In assessing uterine involution, Lewis (2015) maintained that, this should be done after the woman has been asked to empty her bladder. Assessment should include, position, height, tone and comfort of the uterus; the uterus should be well contracted. (Johnson and Taylor, 2016). Marshall and Raynor (2014), Johnson and Taylor (2016) and Medforth et al. (2011), outlined good practise steps for abdominal palpation of the postpartum uterus and this is highlighted in a flow chart below. As emphasised by Johnson and Taylor (2016), the midwife should; communicate effectively, carryout physical examination if indicated in accordance with standard precaution and infection protocols, be able to recognise deviations from normal and instigate referral, educate, explain, support women and keep appropriate records. Palpating the uterus is not just about determining the rate of its reduction in size in relation to the postnatal day, it should be carried out as part of a holistic examination through direct sensitive questioning and observation (Bick et al., 2009). In combination with other observations such as hyperthermia, tenderness of the abdomen and offensive vaginal loss, assessing uterine involution can help to detect any maternal morbidity (Marshall and Raynor, 2014). Ideally, a documented, individualised postnatal care plan should be developed with the woman in the antenatal period or as soon as possible after birth which should include relevant factors from the antenatal, intra-partum and immediate post-partum period, details of the healthcare professionals involved in her care and that of her baby, and plans for the postnatal period (NICE, 2015).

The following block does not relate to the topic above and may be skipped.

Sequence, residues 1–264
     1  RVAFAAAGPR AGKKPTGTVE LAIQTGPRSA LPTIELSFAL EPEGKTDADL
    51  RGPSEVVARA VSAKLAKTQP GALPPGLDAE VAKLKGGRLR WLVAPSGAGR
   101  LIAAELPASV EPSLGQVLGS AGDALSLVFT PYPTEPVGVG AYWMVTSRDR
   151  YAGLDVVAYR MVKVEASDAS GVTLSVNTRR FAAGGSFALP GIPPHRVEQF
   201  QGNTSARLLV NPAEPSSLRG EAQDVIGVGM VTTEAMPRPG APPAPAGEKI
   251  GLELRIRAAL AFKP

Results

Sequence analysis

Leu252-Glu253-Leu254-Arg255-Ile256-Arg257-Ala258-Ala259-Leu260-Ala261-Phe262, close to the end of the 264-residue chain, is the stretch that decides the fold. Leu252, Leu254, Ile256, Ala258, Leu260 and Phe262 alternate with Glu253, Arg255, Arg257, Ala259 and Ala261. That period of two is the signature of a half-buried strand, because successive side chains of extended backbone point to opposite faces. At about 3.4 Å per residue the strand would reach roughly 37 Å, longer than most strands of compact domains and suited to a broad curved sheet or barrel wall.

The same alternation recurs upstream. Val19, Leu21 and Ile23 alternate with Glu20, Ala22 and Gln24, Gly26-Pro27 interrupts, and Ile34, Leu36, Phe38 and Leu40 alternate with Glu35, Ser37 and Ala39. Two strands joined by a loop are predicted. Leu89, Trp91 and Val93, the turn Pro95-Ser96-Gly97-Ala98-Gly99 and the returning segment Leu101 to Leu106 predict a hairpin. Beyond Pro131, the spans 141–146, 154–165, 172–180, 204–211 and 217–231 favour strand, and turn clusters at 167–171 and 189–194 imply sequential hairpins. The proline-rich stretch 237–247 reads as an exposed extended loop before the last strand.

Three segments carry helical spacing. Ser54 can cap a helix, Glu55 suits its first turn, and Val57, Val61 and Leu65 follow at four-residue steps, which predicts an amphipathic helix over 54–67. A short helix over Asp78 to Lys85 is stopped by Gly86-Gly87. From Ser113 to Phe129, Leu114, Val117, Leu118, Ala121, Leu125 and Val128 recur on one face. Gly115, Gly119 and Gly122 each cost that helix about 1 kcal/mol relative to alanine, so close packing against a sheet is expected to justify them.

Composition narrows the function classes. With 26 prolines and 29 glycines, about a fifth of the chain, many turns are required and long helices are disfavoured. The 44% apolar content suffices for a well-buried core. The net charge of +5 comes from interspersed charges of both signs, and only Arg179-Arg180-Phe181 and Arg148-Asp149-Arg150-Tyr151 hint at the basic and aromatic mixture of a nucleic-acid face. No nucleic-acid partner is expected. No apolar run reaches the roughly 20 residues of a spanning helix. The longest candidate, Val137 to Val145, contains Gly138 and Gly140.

Summarily, uterine involution is a normal puerperal physiology which can potentially change to a pathological condition. The role of the midwife to be able to recognise abnormalities and be competent in undertaking uterine palpation cannot be overemphasised. Information gathered through review of relevant literatures had shown insufficient evidence-based rationale that supports routine assessment of uterine involution by abdominal palpation or measurement in the absence of abnormal indicators such as tenderness of the abdomen, high body temperature, offensive or excessive blood loss.